On April 24, 1996, Crown Attorney James Burrill wrote to Jack Buntain, Q.C., Regional Crown Attorney for the Public Prosecution Service. Burrill had been assigned in January 1996 to provide pre-charge advice to the RCMP investigation. He reported that, as of April 22, 1996, the RCMP had identified 481 individuals who had complained they were victims of physical or sexual abuse at youth facilities within the Province of Nova Scotia. Eight hundred and ninety-three persons had to be interviewed before the investigation would be complete. There were 242 suspects, 37 of whom were current employees. Mr. Burrill noted that the majority of the complaints appeared to be allegations of common assault and that the RCMP had decided that they would not lay charges in those cases.

Burrill alerted Buntain to the potential problem arising from complainants being asked to give multiple statements. The fact of multiple statements, by itself, was not considered a major concern, but the RCMP were of the view that the Murphys had not taken 'pure version' statements: they had suggested the names of offenders to the complainants.(9) Further, if the Murphys were using their own words to summarize information, then the potential for subsequent inconsistent statements would be high. The RCMP had reported that, upon being re-interviewed, some complainants could not understand or pronounce some of the words contained in the transcripts of their statements to the Murphys.

Burrill also raised the difficulty of disclosure. The RCMP were using a data base named "Q & A". When Burrill visited the IIU offices in February, he noted large volumes of documents in their offices and believed that no data base was in place to catalogue them.

The concerns raised by Burrill were echoed by Chief Superintendent Bishop and by Assistant Commissioner R. F. Falkingham, Commanding Officer, "H" Division, when Falkingham wrote to the Deputy Minister of Justice on May 14, 1996. The Deputy circulated the letters from Burrill and Falkingham to the IIU and to Jerry S. T. Pitzul, the Director of Public Prosecutions. He suggested a meeting with the RCMP as soon as possible to discuss these concerns. Pitzul responded shortly thereafter, suggesting that the IIU, RCMP and those responsible for the compensation investigation "meet to gain a perspective of their mandate and responsibilities and to design a process for resolving, where possible, the practical issues raised."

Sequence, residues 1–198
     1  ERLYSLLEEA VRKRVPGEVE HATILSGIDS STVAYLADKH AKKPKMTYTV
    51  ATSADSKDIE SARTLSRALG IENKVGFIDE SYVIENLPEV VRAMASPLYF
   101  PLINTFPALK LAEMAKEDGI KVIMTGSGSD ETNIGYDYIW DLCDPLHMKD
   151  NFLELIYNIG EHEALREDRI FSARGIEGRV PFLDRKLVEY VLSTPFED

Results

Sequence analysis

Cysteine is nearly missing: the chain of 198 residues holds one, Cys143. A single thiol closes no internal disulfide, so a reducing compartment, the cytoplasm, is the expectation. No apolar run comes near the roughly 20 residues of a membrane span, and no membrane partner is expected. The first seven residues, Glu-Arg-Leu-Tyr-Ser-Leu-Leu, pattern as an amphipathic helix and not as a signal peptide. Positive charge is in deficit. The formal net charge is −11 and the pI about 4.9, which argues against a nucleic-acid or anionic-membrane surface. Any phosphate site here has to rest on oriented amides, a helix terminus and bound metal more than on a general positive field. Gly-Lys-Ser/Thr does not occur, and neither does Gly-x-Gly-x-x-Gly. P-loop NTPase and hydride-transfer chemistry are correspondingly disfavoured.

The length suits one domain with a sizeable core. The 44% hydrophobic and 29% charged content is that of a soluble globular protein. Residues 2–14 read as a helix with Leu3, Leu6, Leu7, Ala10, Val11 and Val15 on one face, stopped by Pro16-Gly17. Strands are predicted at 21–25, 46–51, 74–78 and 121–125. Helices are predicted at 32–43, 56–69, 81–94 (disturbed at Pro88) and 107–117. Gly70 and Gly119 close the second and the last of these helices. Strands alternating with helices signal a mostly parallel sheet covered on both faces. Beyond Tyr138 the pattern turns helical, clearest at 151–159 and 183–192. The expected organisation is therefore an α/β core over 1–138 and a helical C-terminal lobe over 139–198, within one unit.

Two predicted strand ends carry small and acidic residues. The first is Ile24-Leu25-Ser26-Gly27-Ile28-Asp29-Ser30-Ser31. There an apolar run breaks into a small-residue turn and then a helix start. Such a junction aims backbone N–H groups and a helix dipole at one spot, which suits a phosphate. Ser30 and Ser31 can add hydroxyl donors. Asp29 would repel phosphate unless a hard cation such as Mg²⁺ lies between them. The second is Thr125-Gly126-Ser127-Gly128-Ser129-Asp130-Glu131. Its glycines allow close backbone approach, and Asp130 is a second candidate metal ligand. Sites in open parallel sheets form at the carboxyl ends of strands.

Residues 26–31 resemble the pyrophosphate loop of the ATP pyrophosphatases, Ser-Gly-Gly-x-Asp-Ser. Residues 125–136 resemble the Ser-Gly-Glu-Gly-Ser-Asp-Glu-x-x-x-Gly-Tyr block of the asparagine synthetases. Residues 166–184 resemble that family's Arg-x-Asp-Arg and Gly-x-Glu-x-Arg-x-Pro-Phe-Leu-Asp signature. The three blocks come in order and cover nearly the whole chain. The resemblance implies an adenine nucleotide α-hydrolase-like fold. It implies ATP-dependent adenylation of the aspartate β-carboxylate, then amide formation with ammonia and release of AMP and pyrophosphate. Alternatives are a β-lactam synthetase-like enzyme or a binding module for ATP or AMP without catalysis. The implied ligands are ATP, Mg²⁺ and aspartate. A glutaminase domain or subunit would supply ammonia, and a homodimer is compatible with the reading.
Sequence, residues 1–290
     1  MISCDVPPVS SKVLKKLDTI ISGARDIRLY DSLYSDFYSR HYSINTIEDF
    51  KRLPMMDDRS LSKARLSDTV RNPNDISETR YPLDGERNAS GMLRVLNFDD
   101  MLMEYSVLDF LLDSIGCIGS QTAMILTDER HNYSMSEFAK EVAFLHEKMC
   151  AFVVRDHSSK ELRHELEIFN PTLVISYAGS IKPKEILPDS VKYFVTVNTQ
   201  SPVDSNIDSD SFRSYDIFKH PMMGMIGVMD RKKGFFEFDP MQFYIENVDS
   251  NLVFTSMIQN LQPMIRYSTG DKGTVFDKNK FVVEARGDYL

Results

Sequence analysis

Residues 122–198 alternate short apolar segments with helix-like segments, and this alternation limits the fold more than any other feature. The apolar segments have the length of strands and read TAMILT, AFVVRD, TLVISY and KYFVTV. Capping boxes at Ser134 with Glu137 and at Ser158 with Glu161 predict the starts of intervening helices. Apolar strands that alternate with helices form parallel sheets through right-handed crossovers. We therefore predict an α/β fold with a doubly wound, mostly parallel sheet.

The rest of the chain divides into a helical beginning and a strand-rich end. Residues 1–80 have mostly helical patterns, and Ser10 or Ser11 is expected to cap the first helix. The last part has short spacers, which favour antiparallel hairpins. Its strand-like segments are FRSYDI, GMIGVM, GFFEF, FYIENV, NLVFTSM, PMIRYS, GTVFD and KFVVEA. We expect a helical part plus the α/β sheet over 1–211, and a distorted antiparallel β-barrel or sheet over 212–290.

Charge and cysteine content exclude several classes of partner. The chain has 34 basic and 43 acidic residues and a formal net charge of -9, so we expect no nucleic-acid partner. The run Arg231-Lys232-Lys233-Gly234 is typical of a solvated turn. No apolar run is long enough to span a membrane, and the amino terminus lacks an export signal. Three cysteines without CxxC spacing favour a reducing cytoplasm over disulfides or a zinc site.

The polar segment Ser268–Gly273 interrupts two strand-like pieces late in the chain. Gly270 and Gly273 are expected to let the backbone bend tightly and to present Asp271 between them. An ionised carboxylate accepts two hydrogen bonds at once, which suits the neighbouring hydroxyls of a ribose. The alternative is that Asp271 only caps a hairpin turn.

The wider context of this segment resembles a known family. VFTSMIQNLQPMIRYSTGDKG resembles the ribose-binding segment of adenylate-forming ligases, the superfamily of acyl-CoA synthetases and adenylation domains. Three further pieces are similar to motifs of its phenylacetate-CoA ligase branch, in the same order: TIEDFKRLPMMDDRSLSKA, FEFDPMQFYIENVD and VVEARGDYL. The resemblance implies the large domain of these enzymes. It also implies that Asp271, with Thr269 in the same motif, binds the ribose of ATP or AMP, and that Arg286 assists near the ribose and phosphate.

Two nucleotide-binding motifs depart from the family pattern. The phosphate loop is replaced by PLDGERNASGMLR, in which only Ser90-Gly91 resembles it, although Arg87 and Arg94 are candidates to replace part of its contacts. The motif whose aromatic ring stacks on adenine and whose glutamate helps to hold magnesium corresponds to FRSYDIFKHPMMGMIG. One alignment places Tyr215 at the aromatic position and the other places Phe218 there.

The RCMP continued to express concerns (in letters dated July 17 and September 11, 1996) over the fact that separate investigations were now being conducted by the police, the IIU and the Murphys. The Minister of Justice, the Honourable Jay Abbass, announced on December 6, 1996, that a statement taking protocol would be developed for the three investigations. A joint protocol was eventually signed on April 24, 1997, by the Deputy Minister of Justice and the RCMP.


In July 1995, Mr. Honsberger endorsed an investigation of current staff members who had been identified to Mr. Stratton. He appropriately recognized that the employees needed to be informed of the specific allegations made against them, and that action not be taken based on general, unconfirmed allegations. He suggested an investigation to be conducted by independent, experienced investigators. Creation of the IIU followed.

The theory that current employees were to be the subject of an independent and fair investigation by experienced investigators had obvious merit, as did Mr. Honsberger's view that disciplinary action could not be grounded upon the Stratton 'findings.' The difficulty I have here is how the Government addressed the interplay between the Stratton, ADR, disciplinary and criminal proceedings.

The Government's response to reports of institutional abuse was based, in part, upon the laudable desire to prevent the re-victimization of true abuse victims that can occur when they are compelled to seek redress through formal litigation. However, complainants were potentially being exposed to multiple statement-taking sessions. The existence of a criminal investigation meant that many of them would have to provide a statement to the police. The existence of an independent IIU investigation meant that many would have to provide another statement for disciplinary proceedings. Further, if the Government was intent on moving forward at the same time with a Compensation Program, and if such a program was to be credible and fair, validation might have required that the claimants provide yet another statement, unless validation could have been merged with the disciplinary process. It is well recognized that forcing true victims to recount over and over their victimization may adversely affect their emotional well-being.